by Corry Shores

 

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[The following is a paragraph by paragraph summary of the text. More analysis is still needed and will be updated when conducted. Proofreading is incomplete, so please forgive all my various mistakes. Texts were copied from wikisource  but were not checked against the original, cited text for accuracy. There are differences between these two versions, but we do not attend to them here. (In other words, page citations are for the cited text, but quoted material is from wikisource.)]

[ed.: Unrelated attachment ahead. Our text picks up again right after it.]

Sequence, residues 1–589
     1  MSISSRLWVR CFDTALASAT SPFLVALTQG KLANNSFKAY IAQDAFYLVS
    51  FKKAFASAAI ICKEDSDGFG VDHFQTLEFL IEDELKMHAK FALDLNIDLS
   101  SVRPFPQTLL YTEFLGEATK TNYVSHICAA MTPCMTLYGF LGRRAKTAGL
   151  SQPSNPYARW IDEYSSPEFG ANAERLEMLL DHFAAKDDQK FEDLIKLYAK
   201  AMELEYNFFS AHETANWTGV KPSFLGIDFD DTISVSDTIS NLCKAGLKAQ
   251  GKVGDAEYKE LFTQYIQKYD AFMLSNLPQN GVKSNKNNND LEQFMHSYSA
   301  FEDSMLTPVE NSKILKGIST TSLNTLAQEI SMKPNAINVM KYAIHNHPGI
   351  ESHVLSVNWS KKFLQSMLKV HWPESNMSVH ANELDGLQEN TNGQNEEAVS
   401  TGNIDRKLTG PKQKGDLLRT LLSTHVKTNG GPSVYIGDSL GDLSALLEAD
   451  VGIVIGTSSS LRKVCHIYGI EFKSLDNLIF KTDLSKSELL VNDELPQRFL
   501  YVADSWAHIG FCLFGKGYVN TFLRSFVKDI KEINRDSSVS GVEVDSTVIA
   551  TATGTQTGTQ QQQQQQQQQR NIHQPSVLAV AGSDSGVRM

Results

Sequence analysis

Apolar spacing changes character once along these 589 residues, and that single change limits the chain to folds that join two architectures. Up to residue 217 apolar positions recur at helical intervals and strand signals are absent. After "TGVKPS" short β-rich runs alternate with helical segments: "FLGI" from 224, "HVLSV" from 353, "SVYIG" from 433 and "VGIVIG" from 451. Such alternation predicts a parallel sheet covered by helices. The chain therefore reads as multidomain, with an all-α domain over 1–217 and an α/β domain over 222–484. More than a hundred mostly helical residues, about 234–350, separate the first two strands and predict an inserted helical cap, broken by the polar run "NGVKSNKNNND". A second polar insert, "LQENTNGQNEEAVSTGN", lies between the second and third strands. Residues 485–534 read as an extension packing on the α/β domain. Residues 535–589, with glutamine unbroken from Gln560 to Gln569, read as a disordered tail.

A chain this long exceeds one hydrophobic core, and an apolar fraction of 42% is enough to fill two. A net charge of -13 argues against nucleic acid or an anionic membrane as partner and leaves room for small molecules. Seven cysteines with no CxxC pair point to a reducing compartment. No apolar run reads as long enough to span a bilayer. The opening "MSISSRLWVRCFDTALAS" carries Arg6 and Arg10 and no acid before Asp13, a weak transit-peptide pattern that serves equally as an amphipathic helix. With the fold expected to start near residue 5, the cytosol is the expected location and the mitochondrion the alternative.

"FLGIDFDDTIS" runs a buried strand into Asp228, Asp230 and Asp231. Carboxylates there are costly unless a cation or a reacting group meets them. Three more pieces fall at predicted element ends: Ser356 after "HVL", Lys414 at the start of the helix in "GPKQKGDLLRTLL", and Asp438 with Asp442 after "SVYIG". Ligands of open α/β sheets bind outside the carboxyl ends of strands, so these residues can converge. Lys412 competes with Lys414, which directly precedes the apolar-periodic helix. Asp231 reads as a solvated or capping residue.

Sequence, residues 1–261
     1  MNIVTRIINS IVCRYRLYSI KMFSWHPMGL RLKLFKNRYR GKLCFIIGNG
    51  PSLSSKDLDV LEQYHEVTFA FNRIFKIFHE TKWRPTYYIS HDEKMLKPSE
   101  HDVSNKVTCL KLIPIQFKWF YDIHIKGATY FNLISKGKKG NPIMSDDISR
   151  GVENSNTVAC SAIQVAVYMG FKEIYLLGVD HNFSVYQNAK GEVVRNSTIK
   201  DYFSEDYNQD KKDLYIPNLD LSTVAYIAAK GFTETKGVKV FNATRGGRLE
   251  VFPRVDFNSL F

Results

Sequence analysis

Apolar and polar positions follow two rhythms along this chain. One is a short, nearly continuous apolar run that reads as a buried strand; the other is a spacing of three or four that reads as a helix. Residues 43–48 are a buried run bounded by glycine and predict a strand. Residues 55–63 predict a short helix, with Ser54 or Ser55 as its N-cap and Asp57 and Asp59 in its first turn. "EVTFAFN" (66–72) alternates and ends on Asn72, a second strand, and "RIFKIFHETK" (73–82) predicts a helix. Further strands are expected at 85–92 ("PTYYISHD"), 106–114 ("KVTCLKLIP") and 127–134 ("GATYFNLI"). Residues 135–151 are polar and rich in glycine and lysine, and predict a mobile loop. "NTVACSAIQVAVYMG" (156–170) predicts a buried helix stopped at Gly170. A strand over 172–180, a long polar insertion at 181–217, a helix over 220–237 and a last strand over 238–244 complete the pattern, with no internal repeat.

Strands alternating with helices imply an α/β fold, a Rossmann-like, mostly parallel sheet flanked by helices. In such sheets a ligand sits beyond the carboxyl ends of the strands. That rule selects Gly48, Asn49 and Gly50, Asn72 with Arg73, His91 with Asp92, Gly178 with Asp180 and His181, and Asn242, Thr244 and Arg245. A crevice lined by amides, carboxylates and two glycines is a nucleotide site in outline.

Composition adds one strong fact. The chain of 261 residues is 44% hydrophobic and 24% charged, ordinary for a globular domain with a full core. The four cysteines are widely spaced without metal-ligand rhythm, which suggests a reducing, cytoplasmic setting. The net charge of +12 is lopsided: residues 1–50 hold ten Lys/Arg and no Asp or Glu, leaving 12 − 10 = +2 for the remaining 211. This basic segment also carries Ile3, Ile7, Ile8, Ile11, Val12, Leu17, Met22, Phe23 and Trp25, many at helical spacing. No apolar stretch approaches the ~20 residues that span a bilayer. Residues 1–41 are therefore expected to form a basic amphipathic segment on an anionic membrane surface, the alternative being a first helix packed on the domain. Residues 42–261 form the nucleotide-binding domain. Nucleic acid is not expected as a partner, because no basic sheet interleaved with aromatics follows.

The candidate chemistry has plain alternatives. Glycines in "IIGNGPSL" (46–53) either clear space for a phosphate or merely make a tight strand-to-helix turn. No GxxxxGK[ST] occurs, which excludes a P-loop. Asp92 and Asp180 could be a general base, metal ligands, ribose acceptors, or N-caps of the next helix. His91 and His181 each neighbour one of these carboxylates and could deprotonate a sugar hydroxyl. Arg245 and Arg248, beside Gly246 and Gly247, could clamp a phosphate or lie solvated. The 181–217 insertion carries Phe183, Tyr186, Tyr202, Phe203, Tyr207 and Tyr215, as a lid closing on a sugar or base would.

Summary of

 

W. V. Quine

 

“On What There Is”

 

 

 

Brief summary (simply collecting those written below):